top of page


Eliminate Debt and Restore Financial Freedom!


Bankruptcy is one of the more distressing and complicated financial endeavors that you may have to go through. Although there is nothing attractive about declaring bankruptcy, it may be the only way that you can put some of your most substantial debts behind you so you can on with your life. As such, by filing for bankruptcy in New Hampshire or Massachusetts,  you may have the chance to prevent creditors from taking action against you, suing you, and sending you letters, among other tactics.

Whether you plan to file for Chapter 7, or Chapter 13 bankruptcy, it is essential to have a prominent New Hampshire bankruptcy attorney to represent your interests by calling the Law Office of Robert H. Prince at 603-401-0409 or 617-721-9141.

Prior to beginning the bankruptcy process in any state, you’ll need to obtain a credit counseling certificate and then complete a bankruptcy petition. It is important to note that, based on your unique situation, you may have other documentation to complete in order to effectively petition for bankruptcy.

As indicated above, the first step is to obtain a credit counseling certificate from an agency approved by the U.S. Trustee's Office within the six-month period prior to filing. You may have to take a debtor education course as well after you have attended what is called the 341 Meeting of Creditors in order to receive your discharge.  Following that meeting and prior to receiving the discharge you are required to take another debtor education course.

In addition to the courses, you’ll also need gather all appropriate documentation, including:

  • Current income sources

  • Major financial transactions from the previous two years

  • Monthly living expenses

  • Secured and unsecured debts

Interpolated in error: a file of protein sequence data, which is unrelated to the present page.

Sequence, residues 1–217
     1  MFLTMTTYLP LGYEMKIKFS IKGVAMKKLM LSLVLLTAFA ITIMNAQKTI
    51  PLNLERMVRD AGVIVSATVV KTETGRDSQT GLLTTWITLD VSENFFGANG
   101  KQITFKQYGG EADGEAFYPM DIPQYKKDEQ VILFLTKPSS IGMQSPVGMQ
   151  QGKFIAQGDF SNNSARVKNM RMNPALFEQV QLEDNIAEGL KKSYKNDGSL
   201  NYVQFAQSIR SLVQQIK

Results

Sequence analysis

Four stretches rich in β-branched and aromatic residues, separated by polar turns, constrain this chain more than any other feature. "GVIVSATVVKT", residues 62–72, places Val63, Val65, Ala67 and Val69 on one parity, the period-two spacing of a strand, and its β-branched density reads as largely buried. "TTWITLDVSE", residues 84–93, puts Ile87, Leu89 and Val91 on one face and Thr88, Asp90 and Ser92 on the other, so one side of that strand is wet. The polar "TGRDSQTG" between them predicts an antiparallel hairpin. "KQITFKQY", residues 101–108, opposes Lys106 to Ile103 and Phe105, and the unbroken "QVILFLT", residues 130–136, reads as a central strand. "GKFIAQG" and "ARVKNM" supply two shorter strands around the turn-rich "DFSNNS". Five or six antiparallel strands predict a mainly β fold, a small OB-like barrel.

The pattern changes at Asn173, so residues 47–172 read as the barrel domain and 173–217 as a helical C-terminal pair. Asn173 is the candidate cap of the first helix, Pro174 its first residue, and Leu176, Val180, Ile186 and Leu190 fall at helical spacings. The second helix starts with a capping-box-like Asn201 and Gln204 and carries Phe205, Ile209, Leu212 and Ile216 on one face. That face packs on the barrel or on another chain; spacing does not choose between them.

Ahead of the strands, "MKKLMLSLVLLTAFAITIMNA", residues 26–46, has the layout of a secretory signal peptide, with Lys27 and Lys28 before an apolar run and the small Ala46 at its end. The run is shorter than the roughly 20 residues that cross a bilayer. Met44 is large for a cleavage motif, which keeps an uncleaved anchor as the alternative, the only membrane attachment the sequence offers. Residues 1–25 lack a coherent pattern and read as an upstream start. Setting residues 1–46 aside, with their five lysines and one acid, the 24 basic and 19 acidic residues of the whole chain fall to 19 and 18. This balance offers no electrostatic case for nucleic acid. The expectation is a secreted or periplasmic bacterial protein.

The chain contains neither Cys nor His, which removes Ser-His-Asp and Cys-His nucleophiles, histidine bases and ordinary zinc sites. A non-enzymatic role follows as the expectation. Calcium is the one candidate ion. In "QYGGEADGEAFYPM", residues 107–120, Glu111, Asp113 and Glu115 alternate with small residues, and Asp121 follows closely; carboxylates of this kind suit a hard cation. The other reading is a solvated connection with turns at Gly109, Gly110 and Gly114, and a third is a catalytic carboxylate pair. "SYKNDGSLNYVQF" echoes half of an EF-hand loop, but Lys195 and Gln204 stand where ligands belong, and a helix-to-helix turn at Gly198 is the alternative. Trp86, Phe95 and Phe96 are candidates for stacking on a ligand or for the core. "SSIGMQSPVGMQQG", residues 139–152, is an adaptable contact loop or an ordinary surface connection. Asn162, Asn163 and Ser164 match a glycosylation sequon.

• Property (all assets and possessions)

  • Tax returns from the last two years

  • Deeds to real estate

  • Car titles

  • Documents for any loans

This documentation will be essential when filing your petition, completing the number of schedules containing detailed information about your finances, and finishing other forms, such as the lengthy “means test” (for Chapter 7) and a fairly similar form for Chapter 13 bankruptcy.

Most Common Bankruptcy Filings

In most cases, you’ll either be filing for Chapter 7 or Chapter 13. Choosing which type of bankruptcy should depend on your specific financial circumstances as well as the benefits available from each type.

Chapter 7: Chapter 7 bankruptcy is also known as liquidation bankruptcy, however in most cases, state and or federal law allows you to protect most of your personal property and you may even be allowed to keep your home and vehicle so long as your payments are current and the equity does not exceed a certain amount versus what is owed.

Chapter 13: Chapter 13 bankruptcy cases are for individuals who do not qualify for Chapter 7 and involves filing a repayment plan with the court over the period of either three or five years depending on the amount of your debt and your level of disposable income. Best of all, you are allowed to keep all of your assets at the same time. After the plan ends, the rest of your debt is discharged.

Contact the Law Office of Robert H. Prince for a Free Consultation.

With years of experience providing legal counsel to many of individuals in the New Hampshire and Massachusetts, the Law Office of Robert H. Prince understands that no two bankruptcy cases are alike. Therefore, we approach every case with extreme diligence and industry-leading bankruptcy litigation strategies.

Leave your debts behind and get a fresh start by contacting the Law Office of Robert H. Prince at (603)-401-0409 or (617)-721-9141.

Bankruptcy: Practice Areas
bottom of page